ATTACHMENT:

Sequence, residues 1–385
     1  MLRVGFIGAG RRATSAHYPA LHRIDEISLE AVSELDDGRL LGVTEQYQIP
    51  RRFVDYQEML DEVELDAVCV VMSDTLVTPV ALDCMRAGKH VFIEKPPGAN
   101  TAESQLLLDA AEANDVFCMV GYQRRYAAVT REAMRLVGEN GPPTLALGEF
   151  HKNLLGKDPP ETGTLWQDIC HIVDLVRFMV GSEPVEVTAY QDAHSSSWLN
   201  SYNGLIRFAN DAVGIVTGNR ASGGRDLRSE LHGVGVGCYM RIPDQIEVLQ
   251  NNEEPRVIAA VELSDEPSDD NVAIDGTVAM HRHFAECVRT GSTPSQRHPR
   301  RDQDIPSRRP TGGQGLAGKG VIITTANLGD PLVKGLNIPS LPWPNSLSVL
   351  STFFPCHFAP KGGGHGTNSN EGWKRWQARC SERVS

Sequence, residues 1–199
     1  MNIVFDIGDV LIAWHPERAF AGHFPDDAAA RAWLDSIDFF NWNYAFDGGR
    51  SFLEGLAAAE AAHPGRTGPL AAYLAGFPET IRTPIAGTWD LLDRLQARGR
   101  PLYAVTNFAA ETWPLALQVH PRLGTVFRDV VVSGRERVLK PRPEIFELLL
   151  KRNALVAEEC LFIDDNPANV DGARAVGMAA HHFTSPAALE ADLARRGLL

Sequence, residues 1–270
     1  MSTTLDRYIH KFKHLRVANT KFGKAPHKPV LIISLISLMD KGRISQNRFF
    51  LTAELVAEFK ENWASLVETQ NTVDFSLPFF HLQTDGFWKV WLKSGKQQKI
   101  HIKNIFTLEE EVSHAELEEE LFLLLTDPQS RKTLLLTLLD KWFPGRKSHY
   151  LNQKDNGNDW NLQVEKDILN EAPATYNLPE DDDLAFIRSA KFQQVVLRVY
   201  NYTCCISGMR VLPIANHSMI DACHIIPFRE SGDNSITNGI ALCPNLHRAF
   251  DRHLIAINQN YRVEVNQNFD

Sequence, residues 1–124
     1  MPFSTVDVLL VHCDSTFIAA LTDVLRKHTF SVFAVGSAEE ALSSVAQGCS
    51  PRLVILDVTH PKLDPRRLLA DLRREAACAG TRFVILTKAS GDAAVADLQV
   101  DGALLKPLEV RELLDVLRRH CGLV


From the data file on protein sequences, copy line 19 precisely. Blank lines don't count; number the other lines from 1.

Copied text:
   151  LNQKDNGNDW NLQVEKDILN EAPATYNLPE DDDLAFIRSA KFQQVVLRVY